MIN RATNA BAJRACHARYA
But at 7AM on 13 June, at a police station down the road, 30 police officers are preparing to raid the circus. They have been alerted by the district magistrate and Nandita Rao, a lawyer for Childline India, a child protection organisation. Colleagues at a Nepali NGO, the Esther Benjamins Memorial Foundation, have reliable information that the circus is illegally using young Nepali children to perform dangerous acts.
The police convoy races up to the circus gate as a lone guard watches in bewilderment. The officers fan out across the cricket ground and within minutes have cordoned off the entire site. Inside, eight bamboo poles support the enormous tent, which has clearly seen better days. Sunlight filters through gaps in the canvas roof, where rickety iron trapeze bars hang from worn ropes. Three battered motorbikes lie in a steel "cage of death" beside the main ring, where a dozen teenagers are milling around, confused by the commotion.
MIN RATNA BAJRACHARYA
Activists from EBMF, Childline and Swamini Vidhawa Vikas Mandal, a local rights group, search with the police through the half-dozen smaller tents nearby, used by the circus as living quarters. Within an hour nearly 20 children have been found.
"We've come to get you out of here," says EBMF's Dilu Tamang. "We don't want to leave," the children chorus in return. "That's the standard response," her colleague Shailaja C M says, unfazed. She's seen all this before. "As long as they're inside the circus compound, they are so afraid of the owner they will say anything."
Shailaja says that girls rescued in the past have told how some circus owners stage mock police raids and pretend to free the girls. If the children appear keen to leave, they are then beaten.
"Did anyone come to help us in our villages when we didn't have enough money for food?" asks Sapana Rai, a 15-year-old girl from Siliguri. "Now that we are earning money, you want to take us away?" Sapana is adamant she doesn't want to leave.
A plump man arrives, clad in checked shirt, cotton trousers and chappals, demanding to know why the children are being removed. His voice falters as he takes in the sight of the police. Rao, the Childline lawyer, promptly cites India's laws on juvenile justice, bonded labour and the minimum wage.
The man, Siraj Khan, produces contracts signed by the children's often illiterate parents, who couldn't resist the promise of instant cash. The documents state that the children, some as young as five, will work at the Raj Mahal circus for periods up to 12 years in return for a cash advance paid to the parents. A clause states that the parents must pay an unspecified amount if they wish to take back their children.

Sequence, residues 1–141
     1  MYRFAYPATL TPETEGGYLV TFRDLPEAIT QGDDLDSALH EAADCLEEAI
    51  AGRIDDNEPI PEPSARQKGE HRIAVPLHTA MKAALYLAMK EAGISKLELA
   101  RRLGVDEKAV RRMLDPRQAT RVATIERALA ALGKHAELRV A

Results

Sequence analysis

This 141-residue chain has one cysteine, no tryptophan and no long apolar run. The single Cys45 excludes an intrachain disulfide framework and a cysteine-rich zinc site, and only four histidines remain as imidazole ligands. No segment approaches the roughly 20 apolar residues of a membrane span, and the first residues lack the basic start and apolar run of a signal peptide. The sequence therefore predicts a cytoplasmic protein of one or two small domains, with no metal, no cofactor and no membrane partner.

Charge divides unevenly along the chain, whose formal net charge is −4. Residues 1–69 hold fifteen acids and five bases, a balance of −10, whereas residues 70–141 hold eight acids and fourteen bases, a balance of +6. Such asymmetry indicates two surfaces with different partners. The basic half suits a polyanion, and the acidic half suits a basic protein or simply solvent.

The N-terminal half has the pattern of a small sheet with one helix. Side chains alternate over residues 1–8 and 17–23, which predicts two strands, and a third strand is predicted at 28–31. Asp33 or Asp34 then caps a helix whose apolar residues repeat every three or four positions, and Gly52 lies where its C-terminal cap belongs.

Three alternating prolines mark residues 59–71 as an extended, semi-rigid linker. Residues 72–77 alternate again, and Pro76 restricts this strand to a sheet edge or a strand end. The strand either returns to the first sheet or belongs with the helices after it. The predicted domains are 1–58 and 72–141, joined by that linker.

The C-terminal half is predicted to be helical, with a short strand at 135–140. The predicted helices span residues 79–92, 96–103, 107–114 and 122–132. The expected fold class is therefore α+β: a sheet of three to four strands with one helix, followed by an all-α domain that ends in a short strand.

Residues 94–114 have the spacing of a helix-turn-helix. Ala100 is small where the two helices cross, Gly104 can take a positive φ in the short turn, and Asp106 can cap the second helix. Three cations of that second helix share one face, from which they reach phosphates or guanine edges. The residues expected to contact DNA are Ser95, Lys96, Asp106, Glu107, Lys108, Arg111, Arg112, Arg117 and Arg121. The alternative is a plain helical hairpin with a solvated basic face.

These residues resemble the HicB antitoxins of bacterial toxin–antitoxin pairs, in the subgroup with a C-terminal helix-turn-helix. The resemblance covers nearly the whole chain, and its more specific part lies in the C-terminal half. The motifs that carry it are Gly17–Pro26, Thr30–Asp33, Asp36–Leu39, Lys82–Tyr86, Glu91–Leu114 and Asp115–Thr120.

Rao declares the contracts void, citing a 1933 law which says contracts signed by parents on behalf of their children for bonded labour are not legal. The police load the wailing children onto the truck and drive to the town's juvenile court. There, an amazing transformation takes place as the children meet girls rescued in earlier operations. Their miserable faces break into smiles.
"Of course I want to leave," says the now grinning Sapana. "I want to go to school and I want to go to Kathmandu to wor-k." Some children start to talk of their unpleasant experiences with
Kumari Rumba Lama, 17, says she was beaten unconscious with a rope. One girl has a metal plate in her thigh, the result of a trapeze fall. Another holds up her scarred hands: "When my hands bled from working a long time on the trapeze, malik poured molten candle wax onto the wounds to stop the bleeding," she says. All the girls refer to Khan as malik or "owner." They were in effect his slaves.
Rao files a First Information Report with the police, the first step in bringing charges against Siraj Khan and his brother, the notorious circus owner Fateh Khan. "Fateh Khan is the Mr Nasty of these circuses," says Philip Holmes, founder of the Esther Benjamins Trust, the international NGO to which EBMF is affiliated. "The unspoken goal of these raids is to put him behind bars."
MIN RATNA BAJRACHARYA
"The circuses prefer Nepali girls because they're fairer and have Mongolian features that appeal to the audience," says Holmes. He estimates there are about 30 large circuses and 300 smaller ones across India.
But Fateh Khan is a wily, well-connected UP politician who probably has enough political influence to keep himself out of jail. Says Holmes: "The only thing we can do is keep doing these raids and hope that we put these bastards behind bars."